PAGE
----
al stewart

D o n o v a n

beach full of shells
Beat Cafe


“The Sunshine Superman returns – in classic form. Of all the Sixties’ folk-rock troubadours, Donovan was the hippiest . . . He was the Nick Drake who didn’t die but became a star instead, and he still makes a comeback album every decade or so. On Beat Café, Donovan shows he’s got the old touch, with titles such as ‘Yin My Yang’ and . . . acoustic musings from his own private world: ‘The lights are low/The music is cool/And the chicks are slow.’ Ah, some things never change. (3 stars)"
Rolling Stone
“Donovan’s first album in eight years also updates his ethereal folk pop with jumpy bits of jazz. The original flower child anchors Beat Café on the trampoline-like bass lines of Danny Thompson. And they pair well with the boho rhythms behind Donovan’s beat poetry. Inspired by couplet kings Lawrence Ferlinghetti and Allen Ginsberg, the 56-year-old Donovan fashioned lyrics here as odes to open roads, groovy vibes and savored ironies . . . Donovan’s whispered vocals retain their free spirit. And by using Thompson’s bass, he found a way to make his fanciful language and airy concepts swing.” 
New York Daily News
“. . . An utterly intriguing turn here on his first album in eight years. Backed by a deft band of ace session musicians, Donovan serves up a spacey, electronica-laden tribute to one of his most enduring influences: the Beat poets (Ginsberg, Burroughs, et. al.). [Some tracks] resonate with the eerie power of spacey elevator music from U2’s loopy Zooropa phase while briefly showcasing Donovan in all the whispery, flower-draped splendor of his salad days.” 
– Bob Allen, Editorial Review
Beat Café fulfills perfectly the expectations aroused by its title: most of these 12 tracks are cool bohemian ruminations sketched in languidly oozing double bass and sublte percussive tints by the dream rhythm section of Danny Thompson and Jim Keltner, the latter also adding the gentle clunk of vibes, with producer John Chelew’s keyboards fleshing out the space around Donovan’s acoustic guitar and trademark vibrato susurrus. He title track is typical of the album’s mood, a lovely evocation of smoky, pre-Starbucks coffee-shop ambiance . . . It’s the musical equivalent of a black turtleneck, shades, and a Sartre paperback in the hip pocket.”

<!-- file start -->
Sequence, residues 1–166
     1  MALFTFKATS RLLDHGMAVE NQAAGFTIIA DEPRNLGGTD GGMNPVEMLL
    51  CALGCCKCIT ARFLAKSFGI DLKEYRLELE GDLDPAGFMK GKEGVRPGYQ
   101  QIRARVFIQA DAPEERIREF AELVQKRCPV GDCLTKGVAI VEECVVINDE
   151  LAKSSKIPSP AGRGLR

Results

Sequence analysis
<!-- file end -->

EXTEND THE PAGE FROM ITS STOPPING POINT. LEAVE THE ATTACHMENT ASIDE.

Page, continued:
The Independent, UK
“The album has a giddy, jazzy edge both quite exhilarating and entirely appropriate. . . The songs are a lot of fun. . . . Beat Café is quite an ambitious album thematically. . . It’s an album only Donovan could have made with his voice as such a vibrant hallmark . . . Go, Don, go.”
– Sing Out!
“. . . A warm evocation of the bohemian world of bebop, poetry, berets and coffee houses . . . Beat Café takes up where ’60s classics such as ‘Sunny Goodge Street” left off. . . The opener, ‘Love Floats,’ borrows and slows down the tune of his ’68 hit ‘Barabajagal,’ ‘Lord of the Universe’ is a delightful tongue-in-cheek blues and ‘Do Not Go Gentle’ is a Mingus-mellow-fantastic setting of Dylan Thomas’ poem. The remaining tracks are equally inventive. It’s great to have him back.” 
Uncut, UK
“In what might be the comeback of the year, Donovan returns with his best album in decades. . . [He] takes a stripped-down, neo-beatnik approach, which yields terrific results. From the album’s opener, ‘Love Floats,” which takes a ‘Barabajagal’ style with an improvised riff that he places in a nearly hip-hop environment, to the bohemian rendering of Dylan Thomas’ ‘Do Not Go Gently into That Good Night,’ Donovan demonstrates newfound energy and direction.”
Dirty Linen
“. . . An album that radiates hipster cool. The eternal flower child, Donovan seems permanently tuned in to a blissful meditative mode. In the mellow, dreamy ‘Yin My Yang’ he promises, ‘there’ll be music in the air, flowers in your hair, life without a care’; in the hypnotic whisper-soft ‘Lover O Lover’ he comes across as a poet out of an earlier, more romantic age (‘administer love to me before thy temple of inner sanctuary’). . . . As always, Donovan seems to be inhabiting his own world, which on Beat Café is quite an inviting place to be.”